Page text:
Later that day, I was able to share the developments with my neighbor, Dr. Eun Suk Cho, my regular tennis partner and Pastor of Korean Presbyterian Church. He received his doctorate at Yale in New Haven, 30 miles from Newtown.


After calmly hearing the details and some reflection, he referred to the Gospel of Matthew, Chapter 2, where Herod ordered the execution of all young male children in the village of Bethlehem to avoid losing his throne to a newborn King of the Jews whose birth had been announced to him by the Magi. In the words of the prophet Jeremiah as quoted in verse 18:


“A voice was heard in Ramah, sobbing and loudly lamenting; it was Rachel weeping for her children, refusing to be comforted because they were no more.”


It is one of the Old Testament prophecies fulfilled after the birth of Christ. The Slaughter or Massacre of the Innocents, as it is commonly known, is the biblical narrative of infanticide ordered by Herod the Great, the Roman appointed King of the Jews.


The massacre of the innocents is the other side of Christmas. This is also the dark side of the Bible where many choose to ignore and are seldom discussed. It is a disturbing realization that despite our great human expectations and good will, the world we live in remains the same as exemplified by the massacre of 20 innocent children and their mentors at Newtown.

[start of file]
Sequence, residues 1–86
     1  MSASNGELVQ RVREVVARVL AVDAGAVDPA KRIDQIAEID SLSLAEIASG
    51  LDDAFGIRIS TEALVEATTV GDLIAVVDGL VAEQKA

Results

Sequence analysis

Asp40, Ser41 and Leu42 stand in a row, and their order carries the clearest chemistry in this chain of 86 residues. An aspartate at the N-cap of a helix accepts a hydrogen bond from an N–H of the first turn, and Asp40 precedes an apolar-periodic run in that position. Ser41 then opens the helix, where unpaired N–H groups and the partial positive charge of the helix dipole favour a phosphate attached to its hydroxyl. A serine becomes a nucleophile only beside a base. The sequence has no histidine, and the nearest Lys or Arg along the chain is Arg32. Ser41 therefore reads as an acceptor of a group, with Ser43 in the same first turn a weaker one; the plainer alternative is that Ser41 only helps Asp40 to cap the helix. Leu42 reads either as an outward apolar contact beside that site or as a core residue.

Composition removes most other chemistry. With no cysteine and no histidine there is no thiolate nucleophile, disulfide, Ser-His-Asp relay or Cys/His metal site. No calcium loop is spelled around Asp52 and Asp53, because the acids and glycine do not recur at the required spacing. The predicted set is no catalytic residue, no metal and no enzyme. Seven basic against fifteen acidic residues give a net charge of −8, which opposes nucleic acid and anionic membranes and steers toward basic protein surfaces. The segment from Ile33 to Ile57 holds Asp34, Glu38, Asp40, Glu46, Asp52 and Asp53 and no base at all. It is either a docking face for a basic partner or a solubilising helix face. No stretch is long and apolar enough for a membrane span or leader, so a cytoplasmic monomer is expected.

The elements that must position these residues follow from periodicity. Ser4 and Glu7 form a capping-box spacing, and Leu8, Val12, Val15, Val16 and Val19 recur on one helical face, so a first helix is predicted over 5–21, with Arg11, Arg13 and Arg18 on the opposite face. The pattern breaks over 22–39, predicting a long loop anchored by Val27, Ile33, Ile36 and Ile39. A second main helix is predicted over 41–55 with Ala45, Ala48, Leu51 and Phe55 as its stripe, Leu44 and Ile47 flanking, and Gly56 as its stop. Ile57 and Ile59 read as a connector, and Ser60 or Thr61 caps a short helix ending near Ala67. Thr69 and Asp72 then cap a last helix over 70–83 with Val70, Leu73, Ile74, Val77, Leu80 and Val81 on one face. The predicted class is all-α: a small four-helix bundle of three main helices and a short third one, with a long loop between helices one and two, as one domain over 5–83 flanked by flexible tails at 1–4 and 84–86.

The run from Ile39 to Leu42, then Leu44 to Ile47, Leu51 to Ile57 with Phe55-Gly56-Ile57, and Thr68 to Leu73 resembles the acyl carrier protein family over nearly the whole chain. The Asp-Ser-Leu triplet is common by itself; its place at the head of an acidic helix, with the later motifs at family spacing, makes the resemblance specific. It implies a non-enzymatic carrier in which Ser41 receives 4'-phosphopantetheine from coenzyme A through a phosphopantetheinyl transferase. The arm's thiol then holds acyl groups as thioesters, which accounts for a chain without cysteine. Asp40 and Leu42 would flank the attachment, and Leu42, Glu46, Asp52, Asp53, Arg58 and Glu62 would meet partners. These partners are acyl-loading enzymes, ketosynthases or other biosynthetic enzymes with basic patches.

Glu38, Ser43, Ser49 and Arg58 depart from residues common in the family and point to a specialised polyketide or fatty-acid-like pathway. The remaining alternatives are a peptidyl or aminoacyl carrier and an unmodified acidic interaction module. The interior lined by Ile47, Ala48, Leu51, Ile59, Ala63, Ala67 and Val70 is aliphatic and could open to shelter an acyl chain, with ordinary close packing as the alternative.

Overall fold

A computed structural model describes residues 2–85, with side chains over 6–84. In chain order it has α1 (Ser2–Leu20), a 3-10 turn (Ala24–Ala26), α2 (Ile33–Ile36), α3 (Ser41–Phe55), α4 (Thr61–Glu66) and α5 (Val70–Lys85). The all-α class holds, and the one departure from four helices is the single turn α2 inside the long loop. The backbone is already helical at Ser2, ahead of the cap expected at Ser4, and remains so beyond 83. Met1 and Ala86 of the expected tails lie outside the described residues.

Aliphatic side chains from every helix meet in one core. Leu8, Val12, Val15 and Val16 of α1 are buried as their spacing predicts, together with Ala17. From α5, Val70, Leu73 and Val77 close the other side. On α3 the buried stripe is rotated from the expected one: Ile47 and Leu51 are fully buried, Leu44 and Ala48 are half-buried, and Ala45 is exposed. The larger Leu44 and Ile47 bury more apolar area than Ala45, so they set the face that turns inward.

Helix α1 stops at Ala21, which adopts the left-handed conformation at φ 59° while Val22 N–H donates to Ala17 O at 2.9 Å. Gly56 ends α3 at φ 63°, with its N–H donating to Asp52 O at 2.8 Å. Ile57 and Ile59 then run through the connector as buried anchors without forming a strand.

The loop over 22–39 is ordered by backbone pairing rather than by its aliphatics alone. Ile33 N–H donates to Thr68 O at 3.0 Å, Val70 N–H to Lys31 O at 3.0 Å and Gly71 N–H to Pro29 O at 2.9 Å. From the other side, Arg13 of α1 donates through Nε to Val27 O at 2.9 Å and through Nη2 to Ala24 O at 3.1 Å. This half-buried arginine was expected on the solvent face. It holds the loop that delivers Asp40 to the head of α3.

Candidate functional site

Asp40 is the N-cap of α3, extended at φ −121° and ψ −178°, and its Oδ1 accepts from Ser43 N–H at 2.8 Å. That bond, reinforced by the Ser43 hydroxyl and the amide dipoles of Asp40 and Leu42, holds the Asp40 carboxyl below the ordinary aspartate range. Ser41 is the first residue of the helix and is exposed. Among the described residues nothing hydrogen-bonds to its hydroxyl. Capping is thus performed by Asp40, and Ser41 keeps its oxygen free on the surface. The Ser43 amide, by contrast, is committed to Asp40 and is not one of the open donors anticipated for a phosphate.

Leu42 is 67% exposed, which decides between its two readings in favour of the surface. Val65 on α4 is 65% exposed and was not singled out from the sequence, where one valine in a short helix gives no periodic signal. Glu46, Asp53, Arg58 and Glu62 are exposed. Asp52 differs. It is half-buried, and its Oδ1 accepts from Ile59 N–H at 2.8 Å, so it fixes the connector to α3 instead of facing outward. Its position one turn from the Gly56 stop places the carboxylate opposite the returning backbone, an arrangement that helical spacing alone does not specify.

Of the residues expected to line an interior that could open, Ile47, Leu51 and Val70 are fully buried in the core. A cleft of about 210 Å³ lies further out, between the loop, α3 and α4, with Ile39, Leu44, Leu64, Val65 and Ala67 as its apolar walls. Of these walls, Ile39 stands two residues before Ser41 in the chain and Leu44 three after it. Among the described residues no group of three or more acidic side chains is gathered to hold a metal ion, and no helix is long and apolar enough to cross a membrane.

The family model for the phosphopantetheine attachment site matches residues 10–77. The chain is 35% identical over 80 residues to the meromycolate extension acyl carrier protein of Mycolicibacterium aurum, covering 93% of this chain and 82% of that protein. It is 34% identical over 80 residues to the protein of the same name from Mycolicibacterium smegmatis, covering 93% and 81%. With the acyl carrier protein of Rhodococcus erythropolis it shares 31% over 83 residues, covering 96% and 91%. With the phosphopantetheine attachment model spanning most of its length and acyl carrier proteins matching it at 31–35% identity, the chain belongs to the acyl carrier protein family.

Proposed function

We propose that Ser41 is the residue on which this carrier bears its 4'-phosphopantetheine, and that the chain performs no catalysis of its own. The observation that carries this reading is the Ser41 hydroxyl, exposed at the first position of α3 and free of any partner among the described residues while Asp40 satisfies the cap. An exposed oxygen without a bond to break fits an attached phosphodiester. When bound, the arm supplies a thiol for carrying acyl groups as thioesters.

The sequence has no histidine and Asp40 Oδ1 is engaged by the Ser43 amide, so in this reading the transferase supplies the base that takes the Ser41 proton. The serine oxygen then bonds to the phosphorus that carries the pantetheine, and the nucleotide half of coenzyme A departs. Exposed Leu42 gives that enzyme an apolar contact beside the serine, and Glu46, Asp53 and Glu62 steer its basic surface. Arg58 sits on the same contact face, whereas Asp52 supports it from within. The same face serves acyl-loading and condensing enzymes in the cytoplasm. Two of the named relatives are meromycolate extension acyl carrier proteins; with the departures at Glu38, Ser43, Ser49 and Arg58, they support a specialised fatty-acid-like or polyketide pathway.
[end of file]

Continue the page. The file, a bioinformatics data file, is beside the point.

This Christmas "meltdown" of modern civilization and the ego-centered way of life seems so trivial and meaningless in contrast with the suffering inflicted on Sandy Hook Elementary School and on the children of Chenpeng Village.


Yes, people become filled with joy during Christmas season, a period of family visits, gratitude, and constant companion, in celebration of the birth of Christ. But then grief also takes over knowing the suffering and the inconsolable pain that many of our neighbors are going through.


This includes us when we miss our love ones who have passed on and those whom we are separated from. We all knew of home is where love is set, hence the feeling of “homelessness” becomes unbearable when we cannot be with our dearly beloved.


For Christians and non-Christians alike, Jesus’s example of practicing love, compassion, charity, daily prayers of gratitude and forgiveness amid the suffering and pain he endured may be a tough act to follow. But we can try.


Christmas must, first and foremost, be a time of reflection. It’s a time when we must look deep into our hearts first before seeking happiness from, or blaming others. We are in this world together. Joy and pain is upon all of us and it begins with our own thoughts and actions.


How will our self-serving nature always affect others? How can we ease each other’s pain and misfortune? An act of prayer is a prayer for action. How can we make this world a better place? This maybe the true meaning and the paradox of Christmas and it’s up to us to build the courage and figure it out, then act on it...